Cervante’s characters are full of wise commentaries on life:

“All I know is that while I’m asleep, I’m never afraid, and I have no hopes, no struggles, no glories — and bless the man who invented sleep, a cloak over all human thought, food that drives away hunger, water that banishes thirst, fire that heats up cold, chill that moderates passion, and, finally, universal currency with which all things can be bought, weight and balance that brings the shepherd and the king, the fool and the wise, to the same level. There’s only one bad thing about sleep, as far as I’ve ever heard, and that is that it resembles death, since there’s very little difference between a sleeping man and a corpse.” 

Don “Quixote says: “Destiny guides our fortunes more favorably than we could have expected. Look there, Sancho Panza, my friend, and see those thirty or so wild giants, with whom I intend to do battle and kill each and all of them, so with their stolen booty we can begin to enrich ourselves. This is noble, righteous warfare, for it is wonderfully useful to God to have such an evil race wiped from the face of the earth.”
“What giants?” Asked Sancho Panza.
“The ones you can see over there,” answered his master, “with the huge arms, some of which are very nearly two leagues long.”
“Now look, your grace,” said Sancho, “what you see over there aren’t giants, but windmills, and what seems to be arms are just their sails, that go around in the wind and turn the millstone.”
“Obviously,” replied Don Quijote, “you don’t know much about adventures.” 

Sancho doesn’t know the fictional world of chivalric knights like someone today who does not know the world of Star Wars or The Lord of the Rings.

There is a wonderful old Highland saying “is i ‘n ailleantachd maise nam ban” (the truest beauty of womankind is in their modesty). Immodesty is like drunkenness is unattractive. Character is perhaps the most important element of beauty. Cervantes wrote:

“Remember that there are two kinds of beauty: one of the soul and the other of the body. That of the soul displays its radiance in intelligence, in chastity, in good conduct, in generosity, and in good breeding, and all these qualities may exist in an ugly man. And when we focus our attention upon that beauty, not upon the physical, love generally arises with great violence and intensity. I am well aware that I am not handsome, but I also know that I am not deformed, and it is enough for a man of worth not to be a monster for him to be dearly loved, provided he has those spiritual endowments I have spoken of.”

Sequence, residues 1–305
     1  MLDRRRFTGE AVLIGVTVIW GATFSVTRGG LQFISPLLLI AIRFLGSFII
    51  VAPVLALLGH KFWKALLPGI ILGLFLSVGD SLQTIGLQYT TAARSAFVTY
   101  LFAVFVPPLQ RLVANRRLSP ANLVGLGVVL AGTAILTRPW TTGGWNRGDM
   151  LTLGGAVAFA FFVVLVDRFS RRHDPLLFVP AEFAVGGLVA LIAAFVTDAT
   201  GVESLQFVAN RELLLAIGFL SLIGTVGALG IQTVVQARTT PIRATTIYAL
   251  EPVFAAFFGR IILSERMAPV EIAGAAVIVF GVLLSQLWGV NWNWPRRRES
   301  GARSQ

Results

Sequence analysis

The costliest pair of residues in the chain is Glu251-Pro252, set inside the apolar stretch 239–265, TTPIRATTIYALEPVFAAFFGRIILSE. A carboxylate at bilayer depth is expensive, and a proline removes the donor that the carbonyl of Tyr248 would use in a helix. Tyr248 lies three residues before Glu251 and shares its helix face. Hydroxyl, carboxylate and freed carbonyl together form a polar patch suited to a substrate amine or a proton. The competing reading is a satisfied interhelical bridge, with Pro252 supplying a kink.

“It is a science,” said Don Quixote, “that comprehends in itself all or most of the sciences in the world, for he who professes it must be a jurist, and must know the rules of justice, distributive and equitable, so as to give to each one what belongs to him and is due to him. He must be a theologian, so as to be able to give a clear and distinctive reason for the Christian faith he professes, wherever it may be asked of him. He must be a physician, and above all a herbalist, so as in wastes and solitudes to know the herbs that have the property of healing wounds, for a knight-errant must not go looking for someone to cure him at every step. He must be an astronomer, so as to know by the stars how many hours of the night have passed, and what clime and quarter of the world he is in. He must know mathematics, for at every turn some occasion for them will present itself to him; and, putting it aside that he must be adorned with all the virtues, cardinal and theological, to come down to minor particulars, he must, I say, be able to swim as well as Nicholas or Nicolao the Fish could, as the story goes; he must know how to shoe a horse, and repair his saddle and bridle; and, to return to higher matters, he must be faithful to God and to his lady; he must be pure in thought, decorous in words, generous in works, valiant in deeds, patient in suffering, compassionate towards the needy, and, lastly, an upholder of the truth though its defence should cost him his life. Of all these qualities, great and small, is a true knight-errant made up;” 

The greatest and noblest of the virtues Cervantes teaches us comes from love and friendship:

“I will buy a flock of sheep, and everything that is fit for the pastoral life; and so calling myself the shepherd Quixotis, and then the shepherd Pansino, we will range the woods, the hills and the meadows, singing and versifying….Love will inspire us with a theme and wit, and Apollo with harmonious lays. So shall we become famous, not only while we live, but to make our loves as eternal as our songs. ”

The idea of romantic love has an attractive and rich history in classical literature.

Robert Burns and Walter Scott come to mind immediately

 Highland lad my love was born (Burns)

A Highland lad my love was born,
The Lalland laws he held in scorn,
But he still was faithfu' to his clan,
My gallant, braw John Highlandman.
  Sing hey my braw John Highlandman!
  Sing ho my braw John Highlandman!
  There's not a lad in a' the lan'
  Was match for my John Highlandman.

With his philibeg an' tartan plaid,
An' guid claymore down by his side,
The ladies' hearts he did trepan,
My gallant, braw John Highlandman.

We ranged a' from Tweed to Spey,
An' liv'd like lords an' ladies gay,
For a Lalland face he feared none,
My gallant, braw John Highlandman.

They banish'd him beyond the sea
But ere the bud was on the tree,